Enjoying a CAT

  • Rod Mollise
Part of the Patrick Moore's Practical Astronomy Series book series (PATRICKMOORE)

Beginning Observing

Choosing an SCT or other CAT turned out to be a lot of work, but it’s worth it for the reward that’s coming. It’s time to forget about star tests and go-to alignment procedures and just let the telescope do its thing on the sky. Not that all the work is quite over yet. Getting maximum enjoyment from the observing experience means learning how to observe and what to observe.

Preparing Yourself

Observers need to be prepared to face nighttime observing conditions, even if those conditions are merely those of the friendly backyard. This preparation mostly consists of staying warm and keeping insects at bay. A CAT user who is freezing cold or being bitten by skeeters will forget plans for an all-night Messier marathon in a hurry and soon be back inside watching TV.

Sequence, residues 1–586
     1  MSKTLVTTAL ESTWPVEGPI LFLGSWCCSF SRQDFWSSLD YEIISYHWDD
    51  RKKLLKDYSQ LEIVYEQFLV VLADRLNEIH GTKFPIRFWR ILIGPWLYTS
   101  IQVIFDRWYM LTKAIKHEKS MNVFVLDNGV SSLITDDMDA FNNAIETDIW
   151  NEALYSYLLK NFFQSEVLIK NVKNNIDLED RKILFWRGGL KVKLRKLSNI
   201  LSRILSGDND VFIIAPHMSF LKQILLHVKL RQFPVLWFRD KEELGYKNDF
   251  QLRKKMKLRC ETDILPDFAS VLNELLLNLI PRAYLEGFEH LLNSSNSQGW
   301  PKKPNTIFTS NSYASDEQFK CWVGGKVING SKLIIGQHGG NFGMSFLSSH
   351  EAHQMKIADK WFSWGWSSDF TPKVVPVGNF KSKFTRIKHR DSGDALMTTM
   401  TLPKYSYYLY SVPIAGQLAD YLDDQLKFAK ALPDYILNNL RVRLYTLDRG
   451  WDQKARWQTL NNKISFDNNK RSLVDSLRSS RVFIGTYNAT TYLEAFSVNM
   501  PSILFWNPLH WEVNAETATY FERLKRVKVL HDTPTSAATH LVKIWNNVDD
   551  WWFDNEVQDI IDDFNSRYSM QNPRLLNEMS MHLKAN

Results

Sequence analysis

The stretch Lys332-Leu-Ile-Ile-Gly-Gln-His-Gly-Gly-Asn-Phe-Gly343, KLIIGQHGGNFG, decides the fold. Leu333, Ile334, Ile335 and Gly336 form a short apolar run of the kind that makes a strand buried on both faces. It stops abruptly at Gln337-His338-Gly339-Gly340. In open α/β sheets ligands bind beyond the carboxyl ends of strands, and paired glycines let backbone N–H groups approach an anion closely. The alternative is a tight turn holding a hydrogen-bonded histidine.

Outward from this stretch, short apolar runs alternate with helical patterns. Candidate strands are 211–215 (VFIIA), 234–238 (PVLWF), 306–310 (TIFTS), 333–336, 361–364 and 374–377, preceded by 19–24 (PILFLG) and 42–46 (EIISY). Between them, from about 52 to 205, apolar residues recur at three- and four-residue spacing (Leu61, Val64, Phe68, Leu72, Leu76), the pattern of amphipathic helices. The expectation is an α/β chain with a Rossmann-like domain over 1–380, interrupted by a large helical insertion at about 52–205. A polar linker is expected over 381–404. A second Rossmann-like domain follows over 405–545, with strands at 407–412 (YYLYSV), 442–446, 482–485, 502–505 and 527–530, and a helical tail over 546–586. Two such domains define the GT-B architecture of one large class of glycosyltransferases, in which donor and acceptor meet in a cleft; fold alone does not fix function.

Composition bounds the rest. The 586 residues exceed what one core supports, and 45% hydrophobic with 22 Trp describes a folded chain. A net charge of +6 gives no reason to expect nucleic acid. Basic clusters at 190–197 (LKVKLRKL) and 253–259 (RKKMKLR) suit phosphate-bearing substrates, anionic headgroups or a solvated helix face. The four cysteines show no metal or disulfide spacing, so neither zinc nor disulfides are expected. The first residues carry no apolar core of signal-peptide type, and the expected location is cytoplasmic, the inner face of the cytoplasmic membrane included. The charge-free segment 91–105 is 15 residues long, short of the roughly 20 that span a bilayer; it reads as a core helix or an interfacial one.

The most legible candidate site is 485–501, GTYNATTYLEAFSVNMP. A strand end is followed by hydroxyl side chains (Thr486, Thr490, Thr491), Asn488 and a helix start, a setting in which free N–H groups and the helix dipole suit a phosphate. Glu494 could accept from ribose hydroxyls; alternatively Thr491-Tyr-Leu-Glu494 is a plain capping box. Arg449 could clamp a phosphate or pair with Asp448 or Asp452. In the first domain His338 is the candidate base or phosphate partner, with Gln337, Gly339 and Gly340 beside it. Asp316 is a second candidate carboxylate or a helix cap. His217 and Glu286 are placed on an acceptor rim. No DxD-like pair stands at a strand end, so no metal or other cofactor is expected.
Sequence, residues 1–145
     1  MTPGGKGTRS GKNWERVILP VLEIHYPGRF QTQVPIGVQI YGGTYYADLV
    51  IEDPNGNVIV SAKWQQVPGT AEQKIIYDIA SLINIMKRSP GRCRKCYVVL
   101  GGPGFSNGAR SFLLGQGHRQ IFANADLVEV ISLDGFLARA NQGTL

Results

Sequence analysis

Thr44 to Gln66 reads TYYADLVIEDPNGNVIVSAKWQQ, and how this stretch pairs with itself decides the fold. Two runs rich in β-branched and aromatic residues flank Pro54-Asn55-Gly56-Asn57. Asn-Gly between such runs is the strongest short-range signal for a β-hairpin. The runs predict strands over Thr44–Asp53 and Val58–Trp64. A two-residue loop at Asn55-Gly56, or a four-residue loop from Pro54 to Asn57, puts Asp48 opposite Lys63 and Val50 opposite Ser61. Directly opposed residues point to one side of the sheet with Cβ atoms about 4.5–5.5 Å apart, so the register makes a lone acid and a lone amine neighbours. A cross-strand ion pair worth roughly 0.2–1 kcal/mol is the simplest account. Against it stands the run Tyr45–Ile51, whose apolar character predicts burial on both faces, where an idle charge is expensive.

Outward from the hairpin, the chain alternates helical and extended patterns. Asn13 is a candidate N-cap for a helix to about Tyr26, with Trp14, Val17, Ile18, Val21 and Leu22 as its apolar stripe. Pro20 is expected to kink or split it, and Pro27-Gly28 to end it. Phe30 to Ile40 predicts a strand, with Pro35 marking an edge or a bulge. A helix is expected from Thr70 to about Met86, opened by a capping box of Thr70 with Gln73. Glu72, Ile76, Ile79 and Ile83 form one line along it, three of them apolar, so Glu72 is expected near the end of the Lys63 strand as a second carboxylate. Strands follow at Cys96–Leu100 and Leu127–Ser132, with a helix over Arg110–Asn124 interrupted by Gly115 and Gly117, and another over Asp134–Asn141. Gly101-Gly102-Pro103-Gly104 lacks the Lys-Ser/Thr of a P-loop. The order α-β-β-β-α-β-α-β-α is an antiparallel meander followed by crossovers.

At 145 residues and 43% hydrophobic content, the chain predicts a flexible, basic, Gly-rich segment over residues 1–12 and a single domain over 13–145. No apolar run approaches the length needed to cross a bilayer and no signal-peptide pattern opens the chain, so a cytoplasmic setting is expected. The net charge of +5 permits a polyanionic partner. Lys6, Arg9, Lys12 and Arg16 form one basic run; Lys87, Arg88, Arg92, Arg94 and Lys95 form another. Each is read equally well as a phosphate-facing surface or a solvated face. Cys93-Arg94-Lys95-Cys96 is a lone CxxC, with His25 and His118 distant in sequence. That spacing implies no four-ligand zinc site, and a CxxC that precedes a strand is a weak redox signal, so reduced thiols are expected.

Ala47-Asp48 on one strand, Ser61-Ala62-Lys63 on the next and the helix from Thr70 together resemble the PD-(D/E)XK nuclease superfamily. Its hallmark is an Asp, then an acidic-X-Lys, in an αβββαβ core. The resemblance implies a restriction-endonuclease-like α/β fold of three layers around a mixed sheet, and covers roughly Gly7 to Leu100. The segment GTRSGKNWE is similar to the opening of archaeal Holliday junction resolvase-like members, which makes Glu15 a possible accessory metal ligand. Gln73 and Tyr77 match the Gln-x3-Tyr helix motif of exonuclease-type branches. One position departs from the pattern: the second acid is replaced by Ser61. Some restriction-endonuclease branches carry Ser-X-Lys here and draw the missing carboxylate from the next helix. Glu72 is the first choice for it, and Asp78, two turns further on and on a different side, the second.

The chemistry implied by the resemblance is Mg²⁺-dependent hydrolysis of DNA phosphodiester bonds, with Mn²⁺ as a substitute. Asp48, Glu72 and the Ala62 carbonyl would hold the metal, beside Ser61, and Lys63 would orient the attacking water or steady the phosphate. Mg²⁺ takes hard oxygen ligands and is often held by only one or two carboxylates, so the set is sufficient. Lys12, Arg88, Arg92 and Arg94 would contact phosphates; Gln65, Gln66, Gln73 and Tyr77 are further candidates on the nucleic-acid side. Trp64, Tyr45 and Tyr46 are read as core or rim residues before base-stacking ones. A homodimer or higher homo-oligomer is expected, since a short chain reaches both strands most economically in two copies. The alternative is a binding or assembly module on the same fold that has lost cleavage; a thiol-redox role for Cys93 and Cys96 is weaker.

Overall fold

Even in the summer, keeping warm is a necessity. It’s sometimes difficult to believe a person could get uncomfortably cold on an August night in the deep South. But no matter where the observing site is...


Solar System Dust Storm Globular Cluster Supernova Remnant Planetary Nebula 
These keywords were added by machine and not by the authors. This process is experimental and the keywords may be updated as the learning algorithm improves.

Copyright information

© Springer Science+Business Media, LLC 2009

Authors and Affiliations

  • Rod Mollise
    • 1
  1. 1. AL

Personalised recommendations